The second day of PCR Covid19 testing for all crews took place again at Vithas Clinic close to Las Palmas marina and delivery of provisions direct to boats, including fresh fruit, vegetables, drinks and meat, continued. Trolleys laden with fresh produce and goods to stow on board, and a general sense of busyness prevails before Sunday’s start.
Rolnautic chandlery and boatyard; supporters of the ARC since the very beginning, have been full of ARC participants doing last minute shopping and their helpful, knowledgeable staff have been on hand to answer any questions they may have. The ARC shop and information centre, open until 1300 on Saturday, has also been busy with crews buying commemorative ARC 2020 T-shirts, polo shirts and postcards as a reminder of their special adventure.
Around the docks, children in the fleet are happily playing, having made many new friends since being in Las Palmas. Like several others in the rally this year, the young family on Lucky Girl will be fulfilling a lifelong dream of sailing the world on their own yacht. Charlie and Helen Pank will be on the start line on Sunday with their two young sons (Roo aged 8 and Kit aged 6) after purchasing the 42-year old Maxi 120 Lucky Girl six years ago; the same day that their youngest son was born. They last took part in the ARC in 2007 before travelling the world together on various yachts. Later in life, they knew when they had their own children, that this was the perfect way to arrive in new countries. In their twenties, the intrepid travellers sailed round the Caribbean, crossed the Pacific to New Zealand, and took a cruise ship to Singapore from Sydney, before travelling overland to Mongolia, all the way through South East Asia and China and beyond… They even drove from Edinburgh, Scotland to the east side of Kazakhstan, making the 2,500 mile trip in a 20-year old Toyota van!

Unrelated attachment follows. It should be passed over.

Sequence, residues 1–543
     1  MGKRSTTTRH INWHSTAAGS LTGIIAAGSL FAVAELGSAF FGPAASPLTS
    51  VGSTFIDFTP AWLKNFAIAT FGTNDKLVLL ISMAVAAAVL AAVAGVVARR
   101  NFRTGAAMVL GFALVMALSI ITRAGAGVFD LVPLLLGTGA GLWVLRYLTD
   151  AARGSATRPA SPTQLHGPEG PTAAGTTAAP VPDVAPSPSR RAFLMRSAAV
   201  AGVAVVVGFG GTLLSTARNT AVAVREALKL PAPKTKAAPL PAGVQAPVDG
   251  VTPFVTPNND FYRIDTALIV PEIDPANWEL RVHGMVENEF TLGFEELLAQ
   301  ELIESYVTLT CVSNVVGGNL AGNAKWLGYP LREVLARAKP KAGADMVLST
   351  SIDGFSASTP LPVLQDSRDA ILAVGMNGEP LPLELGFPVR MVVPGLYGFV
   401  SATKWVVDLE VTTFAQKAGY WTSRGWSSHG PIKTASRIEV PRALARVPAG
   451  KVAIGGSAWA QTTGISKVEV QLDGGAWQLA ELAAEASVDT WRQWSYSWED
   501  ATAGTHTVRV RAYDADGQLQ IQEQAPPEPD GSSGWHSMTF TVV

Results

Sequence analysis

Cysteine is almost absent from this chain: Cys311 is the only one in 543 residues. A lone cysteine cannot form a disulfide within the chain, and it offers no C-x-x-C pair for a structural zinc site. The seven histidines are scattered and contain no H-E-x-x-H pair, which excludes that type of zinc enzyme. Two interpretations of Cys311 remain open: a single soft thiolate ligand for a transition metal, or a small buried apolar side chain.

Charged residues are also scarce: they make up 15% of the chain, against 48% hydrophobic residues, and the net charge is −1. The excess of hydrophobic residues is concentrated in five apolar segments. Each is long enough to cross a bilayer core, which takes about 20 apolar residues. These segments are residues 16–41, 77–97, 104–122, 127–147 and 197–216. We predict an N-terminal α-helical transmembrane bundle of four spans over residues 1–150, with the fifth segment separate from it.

“We travelled by boat, bus, train, aeroplane and by land (which we found very hard), but we soon discovered that sailing to different countries is much more rewarding than sitting on a bus or on a train. You really felt like you’d achieved something and deserved to get there,” explained Charlie whose boat was having some work carried out at Rolnautic’s boatyard in Las Palmas marina, having arrived early enough to do so: “This is the best place I’ve found to find and fix things for the crossing since we left Portsmouth, England. Rolnautic have been really good and I’m very impressed.”
“Our plan has always been that we’d like to sail at least a large portion of the world with the kids, because we wanted them to have done this by the time they are adults. Even if they don’t realise at the time, they will look back on this adventure and think, ‘I’ve crossed an ocean. OK, maybe I can do this thing someone suggested I could do’. I felt like that when I first crossed the Atlantic with the ARC - I never dreamt I could do that, and I have. The ARC Kids club and the fact that our children have enjoyed meeting so many other children is one of the main reasons for joining.”
The family will be joined by two Swedish friends and their daughter for the passage to Saint Lucia and their parents are unfortunately unable to wave them off in Las Palmas as they are unable to travel right now due to the pandemic. “I don’t relish the thought of two to three weeks at sea, but for us it’s a way of getting to see the world and I’m really looking forward to the feeling of sailing into Rodney Bay and recalling the euphoric rush of ‘we did it’ and that is the bit I am looking forward to the most,” smiles Charlie.
With a busy few days head of the start, the last of the informative briefings and seminars took place online, including a meeting of skippers whose yachts are fitted with an SSB Radio joining a Net Controllers Briefing and a chance at 1800 to join renowned marine weather expert, Chris Tibbs for his guide to weather and routing in the Atlantic. As well as discussing weather considerations for ARC passage plans, the session included the latest forecast for Atlantic tradewinds.